Global temperatures have slowed though. As I've discussed before this has to do with ocean temperatures. In fact any discussion of global temperatures should be about the biosphere, i.e., both atmospheric and ocean temperatures. In my earlier discussion, more heat was being absorbed by the ocean effectively slowing down the absorption in the atmosphere. As described here, new results are now showing that:
Using temperature readings going back to the 1880s and IPCC climate models, the researchers determined that the timing of two large ocean cycles — the Pacific multidecadal oscillation and the Atlantic multidecadal oscillation — are responsible for the slow-down.
Scientific American’s Mark Fischetti explains:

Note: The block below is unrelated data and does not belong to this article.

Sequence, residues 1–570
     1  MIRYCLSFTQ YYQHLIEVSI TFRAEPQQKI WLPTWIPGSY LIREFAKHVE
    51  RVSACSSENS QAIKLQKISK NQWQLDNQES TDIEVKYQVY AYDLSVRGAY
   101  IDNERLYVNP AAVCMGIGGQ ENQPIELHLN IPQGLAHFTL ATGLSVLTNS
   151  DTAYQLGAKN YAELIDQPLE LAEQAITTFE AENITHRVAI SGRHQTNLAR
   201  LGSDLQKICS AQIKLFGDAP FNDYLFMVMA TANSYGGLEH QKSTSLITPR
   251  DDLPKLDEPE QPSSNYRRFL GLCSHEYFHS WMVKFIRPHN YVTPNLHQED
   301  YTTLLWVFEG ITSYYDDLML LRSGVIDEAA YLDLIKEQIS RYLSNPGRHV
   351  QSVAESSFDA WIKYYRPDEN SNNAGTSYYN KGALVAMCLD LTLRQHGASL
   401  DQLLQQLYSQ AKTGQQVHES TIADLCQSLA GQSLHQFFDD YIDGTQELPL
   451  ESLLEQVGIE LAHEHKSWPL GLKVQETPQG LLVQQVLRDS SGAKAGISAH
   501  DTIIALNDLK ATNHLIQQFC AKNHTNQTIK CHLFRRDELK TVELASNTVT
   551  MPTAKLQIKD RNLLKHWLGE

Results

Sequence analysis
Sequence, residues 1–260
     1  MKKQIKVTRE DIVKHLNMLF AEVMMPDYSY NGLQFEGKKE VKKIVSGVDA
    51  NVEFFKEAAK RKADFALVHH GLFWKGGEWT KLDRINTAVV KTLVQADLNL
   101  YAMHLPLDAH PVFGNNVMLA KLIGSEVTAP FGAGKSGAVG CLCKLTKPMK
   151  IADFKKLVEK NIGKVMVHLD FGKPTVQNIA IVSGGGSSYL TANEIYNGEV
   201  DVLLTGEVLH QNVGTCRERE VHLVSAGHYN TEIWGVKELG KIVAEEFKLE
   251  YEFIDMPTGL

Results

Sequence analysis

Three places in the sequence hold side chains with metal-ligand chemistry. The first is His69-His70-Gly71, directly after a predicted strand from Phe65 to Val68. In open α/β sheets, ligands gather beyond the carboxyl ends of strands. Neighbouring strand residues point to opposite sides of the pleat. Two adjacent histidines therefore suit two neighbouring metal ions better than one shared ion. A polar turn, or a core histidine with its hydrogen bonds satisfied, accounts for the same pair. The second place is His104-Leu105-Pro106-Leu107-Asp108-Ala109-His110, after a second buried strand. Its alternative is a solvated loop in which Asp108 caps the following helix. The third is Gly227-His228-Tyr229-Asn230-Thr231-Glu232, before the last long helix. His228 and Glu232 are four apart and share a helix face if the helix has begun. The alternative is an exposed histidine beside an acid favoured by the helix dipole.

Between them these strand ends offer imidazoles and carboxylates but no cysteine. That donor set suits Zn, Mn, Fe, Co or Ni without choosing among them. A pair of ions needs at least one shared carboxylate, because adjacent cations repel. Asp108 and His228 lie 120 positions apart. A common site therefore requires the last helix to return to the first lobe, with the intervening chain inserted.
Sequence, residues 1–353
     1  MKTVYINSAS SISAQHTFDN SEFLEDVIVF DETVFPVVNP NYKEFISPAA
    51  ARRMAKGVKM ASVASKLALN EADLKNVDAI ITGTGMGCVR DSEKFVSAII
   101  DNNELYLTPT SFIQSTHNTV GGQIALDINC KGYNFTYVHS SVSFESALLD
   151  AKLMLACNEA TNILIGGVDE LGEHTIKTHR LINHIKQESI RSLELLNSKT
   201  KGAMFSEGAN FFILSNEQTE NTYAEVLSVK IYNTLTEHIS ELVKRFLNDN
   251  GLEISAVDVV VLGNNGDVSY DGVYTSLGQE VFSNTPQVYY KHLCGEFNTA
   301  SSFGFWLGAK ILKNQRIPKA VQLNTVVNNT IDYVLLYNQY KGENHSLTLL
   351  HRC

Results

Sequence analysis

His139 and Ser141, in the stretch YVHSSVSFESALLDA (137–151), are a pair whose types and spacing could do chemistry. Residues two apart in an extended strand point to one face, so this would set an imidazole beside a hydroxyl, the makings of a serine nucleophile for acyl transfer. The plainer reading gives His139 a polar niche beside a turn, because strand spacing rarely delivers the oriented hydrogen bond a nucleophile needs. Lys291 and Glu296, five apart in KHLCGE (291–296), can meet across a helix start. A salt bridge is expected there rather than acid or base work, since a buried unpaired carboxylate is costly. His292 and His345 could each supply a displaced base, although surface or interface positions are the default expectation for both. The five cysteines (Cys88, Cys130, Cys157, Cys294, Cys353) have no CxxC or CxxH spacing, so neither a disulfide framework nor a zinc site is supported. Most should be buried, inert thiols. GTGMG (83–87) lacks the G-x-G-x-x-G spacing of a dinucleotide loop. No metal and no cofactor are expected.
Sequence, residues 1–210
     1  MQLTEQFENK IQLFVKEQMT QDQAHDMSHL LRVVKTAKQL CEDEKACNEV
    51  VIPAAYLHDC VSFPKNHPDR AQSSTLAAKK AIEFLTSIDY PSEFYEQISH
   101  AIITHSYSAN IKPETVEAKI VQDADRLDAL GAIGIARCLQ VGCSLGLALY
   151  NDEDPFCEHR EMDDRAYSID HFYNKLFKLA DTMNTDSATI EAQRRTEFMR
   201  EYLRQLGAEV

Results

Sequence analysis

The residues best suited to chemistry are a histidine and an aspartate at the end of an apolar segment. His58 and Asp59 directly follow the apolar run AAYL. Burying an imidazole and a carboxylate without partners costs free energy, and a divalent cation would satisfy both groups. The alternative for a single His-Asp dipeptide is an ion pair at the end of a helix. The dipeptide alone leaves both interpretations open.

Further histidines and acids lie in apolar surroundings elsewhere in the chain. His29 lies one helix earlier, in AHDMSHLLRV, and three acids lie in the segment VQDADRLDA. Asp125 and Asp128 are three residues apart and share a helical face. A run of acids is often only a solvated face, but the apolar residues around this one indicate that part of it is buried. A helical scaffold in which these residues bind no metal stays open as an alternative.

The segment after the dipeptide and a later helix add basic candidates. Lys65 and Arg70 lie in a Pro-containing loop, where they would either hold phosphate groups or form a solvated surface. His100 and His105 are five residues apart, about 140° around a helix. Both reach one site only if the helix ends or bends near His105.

The temperature of the Pacific and Atlantic oceans, particularly the upper layers, goes through natural cycles of warmer and cooler, driven by large circulations of water across these and the rest of the world’s seas. Warmer and cooler periods can last several decades. The analysis shows that usually, when the northern Pacific is warming, the northern Atlantic is cooling, and vice versa –[ offsetting one another in their impact on atmospheric temperatures in the northern hemisphere. But the cycles, and their magnitude, don’t match exactly. For the past decade, the magnitude of northern Pacific cooling has been greater than that of northern Atlantic warming, resulting in a net slowdown in temperature rise, according to an email sent to me by Byron A. Steinman, assistant professor of earth and environmental sciences at the University of Minnesota in Duluth, who led the new study.It is very important to understand that these phenomena aren't stopping or slowing down the greenhouse effects of CO2. When the ocean effects subside, the effects on the atmosphere are going to rush back. Instead of the slow advance we've experienced in the last ten years, we'll see a rapid change almost certainly generating far more extreme weather than what we are now seeing.